by Leta Herrington, LPC
612.332.7743 ext. 221
If you're like me (and the Apostle Paul) when you step back from your life and take a look, you may find yourself doing things you don't want to be doing and not doing other things that you wish you were. While Nike suggests a simple solution, telling us to "just do it," experience tells us that change usually doesn't happen quite so easily.
James Prochaska, Ph.D. outlines six stages that are generally involved in making a lasting change:
Stage One: Precontemplation is when we are aware that something is bothering us or does not feel quite right, but think that's just the way it is, that there is nothing we can do about it, and therefore don't put any thought or effort into doing anything about it. We may complain about the situation because we're unhappy with it but generally feel rather helpless.
Stage Two: Contemplation When we actually identify the issue/problem/concern and begin to put some thought in to what it might take to resolve it. Though some may want to jump to some sort of immediate action, it is often helpful to talk with someone at this stage to get some clarity about what is really bothering us and to identify what is likely necessary to get the desired results. We may feel considerable ambivalence during this stage when we realize the costs/risks/losses of actually making a change, and in fact may find ourselves stuck in this phase because of the risks.
Stage Three: Preparation If we hope to be successful, it is important to develop a plan of action before actually taking action/making a change. We need to be thoughtful and realistic in making a plan that is feasible (one that we can succeed at) and clear (we know what we're after), to have adequate support in place (people cheering us on), to anticipate likely barriers or reactions, and be prepared to respond to those possible resistances.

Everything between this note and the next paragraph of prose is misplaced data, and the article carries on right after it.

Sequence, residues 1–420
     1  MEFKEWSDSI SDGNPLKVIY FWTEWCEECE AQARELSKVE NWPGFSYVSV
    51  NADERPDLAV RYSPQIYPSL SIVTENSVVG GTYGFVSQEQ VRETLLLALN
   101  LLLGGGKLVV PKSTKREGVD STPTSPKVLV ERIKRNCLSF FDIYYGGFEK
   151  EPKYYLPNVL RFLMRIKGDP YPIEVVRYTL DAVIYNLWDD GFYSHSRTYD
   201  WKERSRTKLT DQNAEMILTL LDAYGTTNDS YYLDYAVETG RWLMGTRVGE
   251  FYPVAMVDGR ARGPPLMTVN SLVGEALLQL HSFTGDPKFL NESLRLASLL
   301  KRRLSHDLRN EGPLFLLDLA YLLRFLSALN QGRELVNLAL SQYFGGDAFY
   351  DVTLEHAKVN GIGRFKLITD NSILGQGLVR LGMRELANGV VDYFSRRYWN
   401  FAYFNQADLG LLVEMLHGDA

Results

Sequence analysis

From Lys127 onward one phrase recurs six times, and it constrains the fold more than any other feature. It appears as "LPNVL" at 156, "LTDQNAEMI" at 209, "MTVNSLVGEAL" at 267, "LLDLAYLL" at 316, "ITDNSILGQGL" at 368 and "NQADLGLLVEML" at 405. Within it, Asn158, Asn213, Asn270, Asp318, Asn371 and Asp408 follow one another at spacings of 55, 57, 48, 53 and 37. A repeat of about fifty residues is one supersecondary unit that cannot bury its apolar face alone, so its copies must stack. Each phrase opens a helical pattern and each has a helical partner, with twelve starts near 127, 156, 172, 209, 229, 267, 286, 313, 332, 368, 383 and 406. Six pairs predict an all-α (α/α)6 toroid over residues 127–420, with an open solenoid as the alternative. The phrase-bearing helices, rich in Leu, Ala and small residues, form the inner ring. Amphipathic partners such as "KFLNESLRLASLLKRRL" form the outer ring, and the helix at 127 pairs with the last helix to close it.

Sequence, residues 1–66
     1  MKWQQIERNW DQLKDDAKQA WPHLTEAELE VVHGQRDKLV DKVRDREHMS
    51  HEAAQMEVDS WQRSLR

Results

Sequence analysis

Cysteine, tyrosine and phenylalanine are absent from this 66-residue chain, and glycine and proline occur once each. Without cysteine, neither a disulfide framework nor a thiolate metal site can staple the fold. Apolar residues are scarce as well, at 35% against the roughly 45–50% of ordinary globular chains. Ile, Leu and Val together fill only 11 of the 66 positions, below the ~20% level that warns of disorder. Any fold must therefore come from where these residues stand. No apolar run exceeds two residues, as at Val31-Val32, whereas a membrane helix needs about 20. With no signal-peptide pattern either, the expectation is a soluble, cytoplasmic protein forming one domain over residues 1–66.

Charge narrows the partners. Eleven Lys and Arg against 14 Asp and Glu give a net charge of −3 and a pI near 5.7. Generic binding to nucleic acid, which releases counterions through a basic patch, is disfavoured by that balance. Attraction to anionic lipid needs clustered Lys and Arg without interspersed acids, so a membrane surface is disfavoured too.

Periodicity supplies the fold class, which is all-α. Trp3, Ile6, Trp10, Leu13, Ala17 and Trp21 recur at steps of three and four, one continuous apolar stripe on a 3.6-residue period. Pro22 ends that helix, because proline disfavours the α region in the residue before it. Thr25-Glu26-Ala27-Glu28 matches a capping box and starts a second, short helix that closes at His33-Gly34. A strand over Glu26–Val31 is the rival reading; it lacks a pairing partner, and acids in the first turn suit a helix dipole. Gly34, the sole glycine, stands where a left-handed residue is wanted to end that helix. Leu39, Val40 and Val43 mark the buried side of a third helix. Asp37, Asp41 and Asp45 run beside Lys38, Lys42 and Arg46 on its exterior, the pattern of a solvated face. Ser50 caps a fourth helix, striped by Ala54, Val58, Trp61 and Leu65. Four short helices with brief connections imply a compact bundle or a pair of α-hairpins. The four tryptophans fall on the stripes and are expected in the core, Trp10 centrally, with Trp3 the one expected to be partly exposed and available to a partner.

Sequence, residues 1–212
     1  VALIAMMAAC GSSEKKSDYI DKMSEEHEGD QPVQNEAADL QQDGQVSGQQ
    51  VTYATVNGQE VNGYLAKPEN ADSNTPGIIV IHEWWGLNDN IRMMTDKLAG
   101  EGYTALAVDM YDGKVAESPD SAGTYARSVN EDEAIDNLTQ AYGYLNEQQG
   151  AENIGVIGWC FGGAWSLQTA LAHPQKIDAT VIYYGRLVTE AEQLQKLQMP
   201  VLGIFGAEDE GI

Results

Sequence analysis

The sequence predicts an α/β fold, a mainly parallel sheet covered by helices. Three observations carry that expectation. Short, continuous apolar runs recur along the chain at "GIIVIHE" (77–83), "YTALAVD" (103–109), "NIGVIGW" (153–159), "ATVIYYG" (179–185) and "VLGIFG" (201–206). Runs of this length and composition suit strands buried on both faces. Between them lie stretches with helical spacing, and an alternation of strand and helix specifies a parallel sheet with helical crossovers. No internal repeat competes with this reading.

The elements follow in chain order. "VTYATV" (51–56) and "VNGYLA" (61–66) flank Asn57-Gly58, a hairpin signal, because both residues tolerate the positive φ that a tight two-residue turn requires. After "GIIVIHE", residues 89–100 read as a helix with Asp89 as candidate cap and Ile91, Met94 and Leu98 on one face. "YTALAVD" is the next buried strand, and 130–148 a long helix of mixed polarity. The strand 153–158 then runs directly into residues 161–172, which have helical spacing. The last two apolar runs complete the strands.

Stage Four: Action This is when we put our plans into action. You'll note that actually taking action isn't recommended until the fourth stage. Prochaska suggests that the more attention we give to the work of thoroughly thinking through and preparing for change (stages two and three), the more successful and lasting our actual changes are likely to be. Prochaska emphasizes that taking action is neither the first nor the last step in making a change.
Stage Five: Maintenance This is a critical stage. Though action has been taken, when we're making a change, we're daring to do something differently, that is, attempting to do things in a new and hopefully more satisfying way. So while we may pull off doing a new behavior once, it will take time to "get used" to doing things the new way. It is inevitable that we will occasionally "slip up" or "relapse." Many may get discouraged or even give up because of this. During the maintenance stage we need to keep catching ourselves doing it right, to identify what is working and continue to celebrate and build on that.
Stage Six: Termination This is when we've incorporated the new behavior and no longer include it in on our list of "I find myself doing what I don't want to do and not doing what I do want to do."
Are you ready for a change? Find yourself stuck or struggling with any of the above? Give us a call!